Saturday, May 31, 2008

SCAR (EN)Theory

I have bee working on a particular set of learning objects and wanted to have some consistency in my design approach. I came up with the SCAR model.

  1. Story
  2. Content
  3. Action
  4. Reflection

This is the model so far, each word describes the approach for an element in a single learning object. At this stage it is more of a planning tool than an underpinning theory of learning design but here are my thoughts on its merit for shaping a quality E-learning experience.

is one of the most powerful learning tools used in the past and present. Beginning with a story puts the learning in context, invites the learner into the learning experience in a relational way. It also is loaded with emotional, cultural and social connections for the learner.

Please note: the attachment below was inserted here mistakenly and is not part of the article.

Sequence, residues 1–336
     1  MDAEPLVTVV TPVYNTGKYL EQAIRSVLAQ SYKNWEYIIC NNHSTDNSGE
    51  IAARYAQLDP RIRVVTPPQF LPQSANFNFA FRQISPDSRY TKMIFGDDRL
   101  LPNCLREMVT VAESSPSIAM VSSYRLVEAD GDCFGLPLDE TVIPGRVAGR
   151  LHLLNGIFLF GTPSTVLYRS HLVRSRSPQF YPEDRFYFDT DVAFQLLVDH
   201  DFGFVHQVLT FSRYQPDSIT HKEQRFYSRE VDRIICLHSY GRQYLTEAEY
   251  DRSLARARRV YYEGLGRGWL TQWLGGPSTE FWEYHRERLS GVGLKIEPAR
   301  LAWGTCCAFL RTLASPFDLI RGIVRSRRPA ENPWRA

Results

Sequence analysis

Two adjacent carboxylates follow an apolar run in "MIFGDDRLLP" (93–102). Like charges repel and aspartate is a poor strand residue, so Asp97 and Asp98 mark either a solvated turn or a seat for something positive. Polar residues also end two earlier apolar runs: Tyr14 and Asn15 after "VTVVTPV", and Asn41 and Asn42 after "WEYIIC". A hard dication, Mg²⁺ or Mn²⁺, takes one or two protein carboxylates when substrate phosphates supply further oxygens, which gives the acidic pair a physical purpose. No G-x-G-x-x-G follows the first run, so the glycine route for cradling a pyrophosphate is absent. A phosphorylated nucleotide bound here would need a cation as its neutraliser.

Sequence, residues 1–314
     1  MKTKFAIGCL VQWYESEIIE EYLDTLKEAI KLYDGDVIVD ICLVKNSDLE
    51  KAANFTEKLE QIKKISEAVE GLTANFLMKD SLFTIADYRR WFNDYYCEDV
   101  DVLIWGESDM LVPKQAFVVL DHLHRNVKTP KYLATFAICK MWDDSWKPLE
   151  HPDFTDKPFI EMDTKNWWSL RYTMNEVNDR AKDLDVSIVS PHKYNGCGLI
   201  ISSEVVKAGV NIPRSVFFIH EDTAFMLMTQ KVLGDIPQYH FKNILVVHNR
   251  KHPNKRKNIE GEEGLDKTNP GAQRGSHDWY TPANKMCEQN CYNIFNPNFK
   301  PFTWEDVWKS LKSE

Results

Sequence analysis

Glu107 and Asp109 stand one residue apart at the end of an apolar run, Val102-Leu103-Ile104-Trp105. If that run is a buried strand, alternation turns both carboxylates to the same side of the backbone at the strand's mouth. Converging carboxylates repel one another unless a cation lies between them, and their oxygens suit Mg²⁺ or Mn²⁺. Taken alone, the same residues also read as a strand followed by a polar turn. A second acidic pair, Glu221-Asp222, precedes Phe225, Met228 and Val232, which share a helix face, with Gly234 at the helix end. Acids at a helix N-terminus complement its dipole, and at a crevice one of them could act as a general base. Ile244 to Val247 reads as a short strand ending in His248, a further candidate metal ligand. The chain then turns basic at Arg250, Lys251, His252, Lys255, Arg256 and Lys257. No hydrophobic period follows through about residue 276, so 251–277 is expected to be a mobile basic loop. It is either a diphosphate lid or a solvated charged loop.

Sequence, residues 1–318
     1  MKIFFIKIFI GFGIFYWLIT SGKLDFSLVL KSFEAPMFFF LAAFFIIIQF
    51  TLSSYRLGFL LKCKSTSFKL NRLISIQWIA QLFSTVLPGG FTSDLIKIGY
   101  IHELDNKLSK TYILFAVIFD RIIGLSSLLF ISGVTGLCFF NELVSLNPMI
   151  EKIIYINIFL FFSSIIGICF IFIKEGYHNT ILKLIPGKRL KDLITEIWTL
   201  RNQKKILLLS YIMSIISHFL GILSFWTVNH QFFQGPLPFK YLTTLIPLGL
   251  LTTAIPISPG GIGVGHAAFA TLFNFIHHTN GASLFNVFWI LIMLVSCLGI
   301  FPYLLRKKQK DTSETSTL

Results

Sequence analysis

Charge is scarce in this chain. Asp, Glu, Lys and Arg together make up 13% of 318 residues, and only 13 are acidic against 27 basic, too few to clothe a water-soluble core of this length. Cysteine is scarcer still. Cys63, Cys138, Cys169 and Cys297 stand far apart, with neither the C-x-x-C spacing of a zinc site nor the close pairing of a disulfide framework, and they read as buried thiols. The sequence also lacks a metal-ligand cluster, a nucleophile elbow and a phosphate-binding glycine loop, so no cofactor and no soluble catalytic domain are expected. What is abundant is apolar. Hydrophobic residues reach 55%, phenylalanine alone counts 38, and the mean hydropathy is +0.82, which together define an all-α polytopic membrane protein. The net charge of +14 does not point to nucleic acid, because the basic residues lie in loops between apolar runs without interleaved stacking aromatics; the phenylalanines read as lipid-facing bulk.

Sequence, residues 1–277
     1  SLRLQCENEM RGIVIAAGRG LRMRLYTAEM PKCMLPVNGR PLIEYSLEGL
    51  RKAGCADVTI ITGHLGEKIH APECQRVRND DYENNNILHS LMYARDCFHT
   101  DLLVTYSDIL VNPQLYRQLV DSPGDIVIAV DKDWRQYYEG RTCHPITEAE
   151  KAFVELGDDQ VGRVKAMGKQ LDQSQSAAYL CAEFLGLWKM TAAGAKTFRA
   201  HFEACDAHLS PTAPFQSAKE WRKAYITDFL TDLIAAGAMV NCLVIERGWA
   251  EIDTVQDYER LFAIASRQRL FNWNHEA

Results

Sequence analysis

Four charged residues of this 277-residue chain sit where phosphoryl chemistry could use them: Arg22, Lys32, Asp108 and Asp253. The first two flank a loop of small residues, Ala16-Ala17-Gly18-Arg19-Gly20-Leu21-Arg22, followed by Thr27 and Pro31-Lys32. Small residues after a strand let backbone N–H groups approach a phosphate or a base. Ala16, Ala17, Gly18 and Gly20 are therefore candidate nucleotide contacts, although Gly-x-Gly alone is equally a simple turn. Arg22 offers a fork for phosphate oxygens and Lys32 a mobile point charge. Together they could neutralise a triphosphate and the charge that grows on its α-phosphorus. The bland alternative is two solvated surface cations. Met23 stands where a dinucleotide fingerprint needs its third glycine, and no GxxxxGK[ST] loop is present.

CONTENT in most cases, needs to be 'pinned' down somewhere, while a story tells a thousand words, the content element formalises the key learning concepts, language and models.

Our Training organisation has followed an ACTION + REFLECTION model for many years.

" An un-reflected experience is a lost experience"
Action being interactive and focused more on the skills, than the knowledge. The reflection element is formative assessment for the full object experience.

The fifth element...

  1. Extension
  2. Network

Two extra elements are both related to the need for learners to be able to extend their learning, or go beyond the object experience by going to other learning sources (Social Networks, Blogs, Wiki's). Extensions would be created and defined by the learning designer, eg. Support site with further information linked by tags in the learning object.

Network describes the wider context within which the learner is using the object. This includes peers on or off line as well as online resources that the learner may search within to extend their understanding.

Q. How can E-learning objects work in synergy with Web 2.0 constuctivist learning experiences?

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